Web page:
Virtual Music Hour

  Sibelius Archive


  Introduction to Sibelius Symphony No. 5 in E-flat major, Op. 82


  Listen to the Music

Movement 1

Movement 2

Movement 3


  Activity

Welcome to Virtual Music Hour. In preparation for your listening experience, Assistant Principal Violist Catherine Beeson has made guides with activities that can be enjoyed alone, with your quarantine buddies at home and online, or with your students. These activities can be mixed, matched, and altered to create an experience that’s right for you, or as inspiration to create your own. Get as creative as you’d like. Share it with us on social media! If you like seeing and hearing the Colorado Symphony musicians online, imagine how uplifting it would be for us to see and hear you too!

One of the most moving and inspirational pieces of symphonic music from the early 20th century, Jean Sibelius’ Symphony No. 5 stands as a fine example of the diligent work (verb form!) of art that also speaks directly to the human heart. Enjoy learning a bit about Symphony No. 5 and listening to your Colorado Symphony’s performance. Heck, listen to it twice. It’s only a half hour!

  Composed between 1914-1915, and subsequently revised in 1916 and 1919, it took Jean Sibelius the entire span of WWI and the Finnish Civil War to complete his Symphony No. 5.

  Symphony No. 5 lasts for about half an hour and is in three movements, or musical chapters.

  While he was composing the original version, Sibelius wrote in his diary “It is as if God Almighty had thrown down pieces of a mosaic for heaven’s floor and asked me to find out what was the original pattern.” Pressure much?? On the final revised version, he said “I wished to give my symphony another, more human, form. More down-to-earth, more vivid.” Seems like he accomplished both those things!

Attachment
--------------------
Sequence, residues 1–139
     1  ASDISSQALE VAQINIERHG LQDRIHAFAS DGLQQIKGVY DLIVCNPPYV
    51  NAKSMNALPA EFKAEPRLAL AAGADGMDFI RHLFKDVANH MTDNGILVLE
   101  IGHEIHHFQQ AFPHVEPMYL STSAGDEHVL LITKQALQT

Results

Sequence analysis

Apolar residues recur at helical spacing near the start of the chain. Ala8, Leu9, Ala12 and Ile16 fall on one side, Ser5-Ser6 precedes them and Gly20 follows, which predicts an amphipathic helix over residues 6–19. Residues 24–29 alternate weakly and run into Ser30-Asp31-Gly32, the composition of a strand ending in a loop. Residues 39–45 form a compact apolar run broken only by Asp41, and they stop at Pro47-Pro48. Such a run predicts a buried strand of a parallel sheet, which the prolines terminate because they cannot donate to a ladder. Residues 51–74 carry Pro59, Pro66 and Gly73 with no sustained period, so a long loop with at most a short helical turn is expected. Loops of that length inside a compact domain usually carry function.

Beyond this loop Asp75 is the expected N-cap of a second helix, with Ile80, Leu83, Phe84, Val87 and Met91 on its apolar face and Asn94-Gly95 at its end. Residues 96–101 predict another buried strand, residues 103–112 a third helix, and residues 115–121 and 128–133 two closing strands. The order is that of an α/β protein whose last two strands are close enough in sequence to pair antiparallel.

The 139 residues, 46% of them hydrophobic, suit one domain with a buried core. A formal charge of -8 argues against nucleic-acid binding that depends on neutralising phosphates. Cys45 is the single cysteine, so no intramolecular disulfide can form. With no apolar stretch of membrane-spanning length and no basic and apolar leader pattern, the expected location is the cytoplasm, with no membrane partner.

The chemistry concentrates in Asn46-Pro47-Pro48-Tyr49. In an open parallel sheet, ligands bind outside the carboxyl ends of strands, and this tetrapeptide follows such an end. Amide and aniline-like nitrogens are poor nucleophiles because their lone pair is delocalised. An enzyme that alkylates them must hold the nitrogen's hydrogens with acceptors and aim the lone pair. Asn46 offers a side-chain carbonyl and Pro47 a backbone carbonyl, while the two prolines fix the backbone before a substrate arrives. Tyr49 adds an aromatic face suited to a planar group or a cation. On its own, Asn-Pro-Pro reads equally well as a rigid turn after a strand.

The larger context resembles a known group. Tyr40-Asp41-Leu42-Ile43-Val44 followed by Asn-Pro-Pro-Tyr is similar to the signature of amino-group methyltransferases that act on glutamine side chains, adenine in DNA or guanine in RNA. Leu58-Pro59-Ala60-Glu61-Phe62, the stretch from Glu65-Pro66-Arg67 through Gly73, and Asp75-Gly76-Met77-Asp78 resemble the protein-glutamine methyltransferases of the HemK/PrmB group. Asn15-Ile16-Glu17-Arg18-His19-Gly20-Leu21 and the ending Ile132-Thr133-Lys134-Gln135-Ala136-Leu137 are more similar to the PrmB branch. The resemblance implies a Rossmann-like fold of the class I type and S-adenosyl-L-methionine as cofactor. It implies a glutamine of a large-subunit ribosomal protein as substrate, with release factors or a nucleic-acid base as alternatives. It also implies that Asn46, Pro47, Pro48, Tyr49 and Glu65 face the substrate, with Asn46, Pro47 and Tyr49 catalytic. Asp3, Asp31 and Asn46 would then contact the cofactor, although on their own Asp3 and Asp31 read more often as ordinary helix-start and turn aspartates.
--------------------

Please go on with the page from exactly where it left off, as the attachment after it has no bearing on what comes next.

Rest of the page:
Inspiration for the last movement came from Sibelius observing a group of 16 swans lift off, circle over him, and then fly away.

  Themes, motives, and entire sections of Symphony No. 5 have been showcased or used by composers of songs, movies, and television shows as far ranging as Mozart in the Jungle, Leonard Bernstein, John Coltrane, and Disney’s Beauty and the Beast: The Enchanted Christmas.

  Sibelius somehow produces a massive sound out of a quite medium sized orchestra of 2 flutes, 2 oboes, 2 clarinets, 2 bassoons, 4 horns, 3 trumpets, 3 trombones, timpani, and strings.

Here is a listening map that can guide you through your listening experience. Read it in advance or while you’re listening!



Movement 1

Tempo molto moderato - Allegro moderato (ma poco a poco stretto - Vivace molto - Presto - Più presto
In English:  Very moderate tempo - Medium quick but bit by bit quickening - Very lively - Fast - Faster

This music begins with a horn call. Then fragments of that call get tossed around in the woodwinds to open the symphony incrementally like a flower or a sunrise. Strings enter with frenetic energy that begins to engulf the idyllic halcyon of the winds/brass. Like a lobster in a pot of heating water, we don’t quite realize Sibelius has constructed the music to speed up bit by bit until that speed is really upon us. The movement ends in wild triumph.